But, it's actually far worse than that. Research has shown that Mr. Dawkins' claims about religion are probably untrue.
While it is possible to find evidence supporting both sides of the debate, it is nonetheless true that many researchers believe that religion promotes both physical and mental health. For many religious people, faith provides a source of hope and companionship with like-minded believers. Furthermore, Mr. Dawkins' belief that religion is one of the world's great evils is also untrue. Yes, evil things have been done in the name of religion. But, as John Tures reports in Pacific Standard, the vast majority of wars since 1648 (when the Peace of Westphalia was signed) were due to power and land grabs and regime change, not religion.
Mr. Dawkins tries, but fails, to justify his position by claiming:
My point is not that religion itself is the motivation for wars, murders and terrorist attacks, but that religion is the principal label, and the most dangerous one, by which a 'they' as opposed to a "we" can be identified at all.
What does that even mean? Data doesn't support his belief that religion is evil and dangerous, so he restates his position by claiming that religion is a dangerous "label." That's nonsensical. Besides, if humans weren't interested in power and money, there would be almost no war.
Anyway, it's a good thing Mr. Medved didn't ask Mr. Dawkins what he thought about Judaism, because Mr. Dawkins has an opinion on that, too:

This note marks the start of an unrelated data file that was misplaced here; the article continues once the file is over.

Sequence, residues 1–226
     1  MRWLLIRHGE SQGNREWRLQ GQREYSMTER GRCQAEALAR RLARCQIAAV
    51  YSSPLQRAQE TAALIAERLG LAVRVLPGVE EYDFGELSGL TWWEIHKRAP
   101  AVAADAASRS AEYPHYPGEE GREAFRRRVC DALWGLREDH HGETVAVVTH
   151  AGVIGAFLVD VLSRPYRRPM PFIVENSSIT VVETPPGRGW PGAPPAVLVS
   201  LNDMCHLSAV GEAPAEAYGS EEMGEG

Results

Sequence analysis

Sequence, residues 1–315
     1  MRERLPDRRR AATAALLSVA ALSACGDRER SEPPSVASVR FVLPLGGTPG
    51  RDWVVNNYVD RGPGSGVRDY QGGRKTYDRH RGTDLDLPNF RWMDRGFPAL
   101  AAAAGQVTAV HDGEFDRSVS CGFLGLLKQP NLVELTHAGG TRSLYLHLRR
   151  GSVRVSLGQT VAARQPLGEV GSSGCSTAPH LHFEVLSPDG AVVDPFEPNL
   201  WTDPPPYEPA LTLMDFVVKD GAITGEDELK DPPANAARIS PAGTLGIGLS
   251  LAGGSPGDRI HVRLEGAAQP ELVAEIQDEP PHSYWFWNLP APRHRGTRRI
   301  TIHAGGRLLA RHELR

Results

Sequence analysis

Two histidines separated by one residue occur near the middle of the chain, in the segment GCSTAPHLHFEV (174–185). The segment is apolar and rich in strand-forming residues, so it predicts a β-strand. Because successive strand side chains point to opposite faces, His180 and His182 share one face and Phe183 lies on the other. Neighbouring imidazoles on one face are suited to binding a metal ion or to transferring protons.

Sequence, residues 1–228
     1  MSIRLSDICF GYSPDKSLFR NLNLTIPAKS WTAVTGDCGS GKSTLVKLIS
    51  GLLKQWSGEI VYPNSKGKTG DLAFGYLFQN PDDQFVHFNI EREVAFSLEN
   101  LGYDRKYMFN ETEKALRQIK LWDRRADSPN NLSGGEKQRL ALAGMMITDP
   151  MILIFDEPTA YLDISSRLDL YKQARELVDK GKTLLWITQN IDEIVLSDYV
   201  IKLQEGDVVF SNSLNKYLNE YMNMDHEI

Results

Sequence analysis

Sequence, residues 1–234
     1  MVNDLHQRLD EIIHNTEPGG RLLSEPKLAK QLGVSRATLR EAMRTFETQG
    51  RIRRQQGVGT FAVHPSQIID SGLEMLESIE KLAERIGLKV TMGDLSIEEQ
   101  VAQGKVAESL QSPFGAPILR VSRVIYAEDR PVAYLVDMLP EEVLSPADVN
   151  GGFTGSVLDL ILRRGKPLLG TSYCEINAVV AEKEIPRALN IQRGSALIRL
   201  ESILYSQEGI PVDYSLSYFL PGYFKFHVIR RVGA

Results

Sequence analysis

The God of the Old Testament is arguably the most unpleasant character in all fiction: jealous and proud of it; a petty, unjust, unforgiving control-freak; a vindictive, bloodthirsty ethnic cleanser; a misogynistic, homophobic, racist, infanticidal, genocidal, filicidal, pestilential, megalomaniacal, sadomasochistic, capriciously malevolent bully.
Behold, the Gospel according to Richard Dawkins! I wonder how many converts he has won using such persuasive language.
(Image: Richard Dawkins Foundation for Reason and Science)
Are we trying to solve too many problem with technological solutions?
- Technology has given humanity the amazing ability to fix almost any problem, conditioning us to search for technological remedies to what might be social problems.
- Alleviating social inequity is a problem that technology must necessarily attempt to solve, but technology alone cannot shape how humans assemble their societies.
- Only by emphasizing the primary place of individual identity, human dignity, and universal values like empathy and emotion, can we hope to solve global issues that, so far, technology has been unable to conquer.
Radical Transformational Leadership: Strategic Action for Change Agents
With his collected letters recently being published, it's time to revisit this extraordinary thinker.
- Though the British philosopher died in 1973, his work continues to make an impact.
- A recently published collection, The Collected Letters Alan Watts, is a deep dive into his personal correspondences.
- Watts was an early proponent for spreading Eastern philosophy to Western culture.
Long hidden under trees, it's utterly massive
SMARTER FASTER trademarks owned by The Big Think, Inc. All rights reserved.